Landmark donation eligibility change for Black African heritage donors

3 March 2022

Four health charities have teamed up with NHS Blood and Transplant (NHSBT) to promote new blood, platelet, and plasma donor opportunities for Black donors of African heritage.

The campaign – supported by ACLT, One Voice Network, Sickle Cell Society and Terrence Higgins Trust – aims to raise awareness of landmark changes to blood donation rules which now make it easier for more people from a Black African heritage to donate.

It is hoped that more people from Black African communities can now give blood because of the removal of rules around a partner’s exposure to HIV in other parts of the world.

More about the change

Since December, donors are no longer asked if their partner has ever had sex in areas where HIV is endemic – which includes most of Sub-Saharan Africa.

Instead, all donors are now asked the same questions about recent sexual behaviours and are eligible to donate if the risk of past or recently acquired infection is low.

This broader change to how eligibility is assessed initially came into effect in the summer last year and paved the way for a later decision by the Government to remove the question about a partner’s past sexual behaviours abroad.

It came after a review of scientific evidence by the FAIR (For the Assessment of Individualised Risk) steering group on the latest epidemiology and risk of infection, which was led by NHSBT and involved patient groups and stakeholder organisations including the Terrence Higgins Trust.

We need more Black donors

There is currently an urgent need for more Black donors in the UK. Each month 1,300 Black donors are needed to give blood to provide life-saving transfusions to sickle cell patients, as well as for use in emergencies, childbirth, during surgery, in cancer treatments and for use in other medical conditions.

NHSBT has already contacted 12,000 people of Black African heritage who were previously deferred, and who may now be eligible to donate blood to notify them of the change.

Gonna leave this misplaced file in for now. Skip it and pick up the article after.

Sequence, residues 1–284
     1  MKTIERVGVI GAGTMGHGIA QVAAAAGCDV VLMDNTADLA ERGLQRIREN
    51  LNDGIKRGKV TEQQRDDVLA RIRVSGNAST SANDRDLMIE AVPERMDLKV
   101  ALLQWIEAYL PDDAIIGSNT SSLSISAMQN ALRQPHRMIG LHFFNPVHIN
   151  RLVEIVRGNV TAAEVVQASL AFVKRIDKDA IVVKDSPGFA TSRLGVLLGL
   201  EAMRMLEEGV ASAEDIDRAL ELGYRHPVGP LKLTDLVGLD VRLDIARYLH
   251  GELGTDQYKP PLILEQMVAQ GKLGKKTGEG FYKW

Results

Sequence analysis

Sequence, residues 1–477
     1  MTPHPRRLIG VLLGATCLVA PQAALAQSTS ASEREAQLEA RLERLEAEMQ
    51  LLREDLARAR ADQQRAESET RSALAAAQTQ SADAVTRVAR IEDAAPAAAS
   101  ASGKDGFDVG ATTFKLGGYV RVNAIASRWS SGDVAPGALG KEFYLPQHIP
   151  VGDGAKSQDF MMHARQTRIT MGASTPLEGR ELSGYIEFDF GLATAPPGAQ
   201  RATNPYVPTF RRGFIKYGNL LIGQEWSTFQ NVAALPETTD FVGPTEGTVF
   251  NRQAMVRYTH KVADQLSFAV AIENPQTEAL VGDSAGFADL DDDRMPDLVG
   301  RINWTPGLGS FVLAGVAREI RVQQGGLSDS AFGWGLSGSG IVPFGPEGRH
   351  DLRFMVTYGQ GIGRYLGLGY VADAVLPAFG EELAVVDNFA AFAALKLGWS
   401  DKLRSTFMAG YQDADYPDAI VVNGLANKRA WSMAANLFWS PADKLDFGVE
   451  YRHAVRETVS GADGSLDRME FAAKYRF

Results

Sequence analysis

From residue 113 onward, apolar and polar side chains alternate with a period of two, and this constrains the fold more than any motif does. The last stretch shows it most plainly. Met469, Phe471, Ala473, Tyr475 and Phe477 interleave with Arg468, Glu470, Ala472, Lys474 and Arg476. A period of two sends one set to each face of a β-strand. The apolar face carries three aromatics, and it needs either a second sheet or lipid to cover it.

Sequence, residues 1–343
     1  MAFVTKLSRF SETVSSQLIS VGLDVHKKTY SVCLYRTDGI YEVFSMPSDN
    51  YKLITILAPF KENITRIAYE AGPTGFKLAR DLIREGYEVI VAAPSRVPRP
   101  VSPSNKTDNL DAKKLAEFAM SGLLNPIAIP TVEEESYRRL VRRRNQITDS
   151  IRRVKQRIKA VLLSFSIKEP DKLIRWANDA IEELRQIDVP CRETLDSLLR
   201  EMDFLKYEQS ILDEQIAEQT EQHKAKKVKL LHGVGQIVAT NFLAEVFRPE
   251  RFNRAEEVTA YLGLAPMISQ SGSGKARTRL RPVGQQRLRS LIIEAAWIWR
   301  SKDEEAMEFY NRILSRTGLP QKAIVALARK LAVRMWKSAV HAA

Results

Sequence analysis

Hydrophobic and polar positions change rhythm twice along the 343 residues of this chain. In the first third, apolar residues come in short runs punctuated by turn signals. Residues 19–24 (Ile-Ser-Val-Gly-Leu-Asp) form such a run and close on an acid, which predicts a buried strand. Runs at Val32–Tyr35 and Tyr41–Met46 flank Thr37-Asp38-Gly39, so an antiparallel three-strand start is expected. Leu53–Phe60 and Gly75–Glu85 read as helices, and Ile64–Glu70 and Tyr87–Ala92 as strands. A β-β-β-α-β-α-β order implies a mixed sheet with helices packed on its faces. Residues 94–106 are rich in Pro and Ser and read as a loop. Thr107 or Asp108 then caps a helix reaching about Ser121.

The social media campaign will continue to reach out to more people from Black African communities to raise greater awareness of the change, reaching tens of thousands of engaged people from the Black African community through a partnership with ACLT, One Voice Network, Sickle Cell Society and Terrence Higgins Trust.

Alex Cullen, Head of Blood Donation Marketing at NHSBT, said: “We are proud of our work through FAIR to advise the Government on the latest science and evidence on individual risk of sexual infection, which led to this landmark change.

“This question affected people of all ethnicities and their partners, but in particular people with African heritage – and amongst them many in the Black African community were put off the idea of giving blood because of it.

“In recent years nearly a third more Black donors have been saving lives, but there has also been a 50% rise in patients with sickle cell disease, who, themselves are often of Black heritage, and need a rare blood type that is commonly found in people of the same ethnicity.

“We now have an opportunity to build on our existing work with Black communities and encourage more people of Black heritage to donate by raising awareness of this eligibility change and promoting the urgent need for more ethnically matched blood.

“We welcome the support of ACLT, One Voice Network, Sickle Cell Society and the Terrence Higgins Trust to amplify this important message.”

Maria Caulfield, Minister for Patient Safety, said: “Giving blood saves lives and I am absolutely committed to making sure blood donation is more inclusive and accessible as part of levelling up health care services for everyone across the country.

“This change has been another progressive step forward to create a fairer system. Focusing on individual behaviours, rather than blanket deferrals, and reducing limitations for people to donate blood has made it easier for Black donors in particular to safely donate rare blood types. I encourage anyone eligible to register to donate blood – it’s quick and easy.”

Quotes from our partners

Become a blood donor. Register today and book and appointment by calling 0300 123 23 23, downloading the NHS Give Blood app, or registering online.

Find out more about the FAIR changes and read the full report